We went to Mobile this past weekend to visit my Uncle Steve and his wife, Brenda. When they invited us, we searched our schedule, hoping we would be able to make it over there sometime this summer. The only weekend open was this past one. Thankfully, it worked for them, too. It was a last family excursion before our chance at summer trips were over. School is still three weeks away. However, my younger son’s football practice begins this week (initial evaluations) and that will soon be an everyday thing.
While in Mobile, we visited the U.S.S. Alabama, a battleship moored in Mobile Bay. The submarine, U.S.S. Drum, is set up next to it. There’s also a hangar with a number of planes on display. I had never been on a battleship before, so I was looking forward to seeing this one.
My kids and I first viewed the firing area for the large guns on board. I don’t mean the ones where the gunners themselves can change the elevation with a crank. Instead, these guns stretch several decks, being aimed on one and loaded on another. We also walked around the deck of the ship, trying to imagine what it was like back then.
And then we took the self-guided tour. To go below deck, you have to descend a steep set of stairs. My first thought was for the safety of my kids. What if they fall? Whenever we got on these stairs, I made sure I got under them, particularly my younger son, whose legs are shorter and who tends to be less careful.
Oddly, though, my second thought was of Himeji Castle in Himeji, Japan.
Himeji Castle is a seven-story structure and one of the few original castles remaining in the country. It also has steep stairs with narrow entrances between floors. We visited Himeji Castle on our last trip to Japan. As I ascended the stairs, my wife worried that I would hit my head going up or else fall. Apparently, hitting your head was a concern on the Alabama. As I climbed up the above ground decks, I noted small pillows attached around the openings to the next level. (I found out later that those pillows were likely put there for tourists after the boat was retired.) My kids and I climbed as high as we could, then waved at my wife, who had chosen to remain on the deck.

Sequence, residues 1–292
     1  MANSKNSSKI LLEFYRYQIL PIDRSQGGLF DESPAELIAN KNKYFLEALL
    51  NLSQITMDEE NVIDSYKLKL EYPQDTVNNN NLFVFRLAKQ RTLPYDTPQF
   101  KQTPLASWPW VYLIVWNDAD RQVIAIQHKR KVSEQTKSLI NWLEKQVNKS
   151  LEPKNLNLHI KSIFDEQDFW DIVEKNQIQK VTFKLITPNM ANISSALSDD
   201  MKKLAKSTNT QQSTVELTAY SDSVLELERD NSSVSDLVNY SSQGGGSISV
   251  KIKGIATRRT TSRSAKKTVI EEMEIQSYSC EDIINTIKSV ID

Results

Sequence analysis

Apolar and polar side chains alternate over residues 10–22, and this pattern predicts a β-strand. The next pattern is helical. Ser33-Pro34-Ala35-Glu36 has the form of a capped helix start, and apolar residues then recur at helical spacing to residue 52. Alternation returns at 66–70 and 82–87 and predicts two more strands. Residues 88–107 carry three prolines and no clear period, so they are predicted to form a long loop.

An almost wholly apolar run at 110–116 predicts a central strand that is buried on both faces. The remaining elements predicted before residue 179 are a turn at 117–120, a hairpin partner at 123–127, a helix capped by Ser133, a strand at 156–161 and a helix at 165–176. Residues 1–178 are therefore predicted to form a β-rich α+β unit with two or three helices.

What I remember most about the ship, though, was what was below the main deck. When at sea, the battleship carried 2,500 people. There were beds everywhere and many of the areas aboard ship could be converted to makeshift sleeping areas (via hammocks). I’d expected to find metalwork and other functions that repairs of necessary shipboard items. However, there were cobblers, barbers, paymasters, a general store, bakers, movie rooms, a laundry (and a place to have your best uniform pressed if there were visitors), films, and many more functions you’d never consider. It was a floating metal castle, a self-contained city.
Himeji Castle, like most castles, was built for defense. However, it was never actually tested. The Alabama though, was built for offense as well. A castle ready to move forward. A castle ready to do battle and to take that battle to the enemy.
And I’m thankful for those served aboard her.
Postscript: The next day, we went to the National Naval Aviation Museum in Pensacola. Pensacola is just over an hour from Mobile. It showcases a complete history of naval air warfare. My kids loved it. (You can touch most of the exhibits and climb inside cockpits.) The admission is free. And it’s worth the look if you’re close.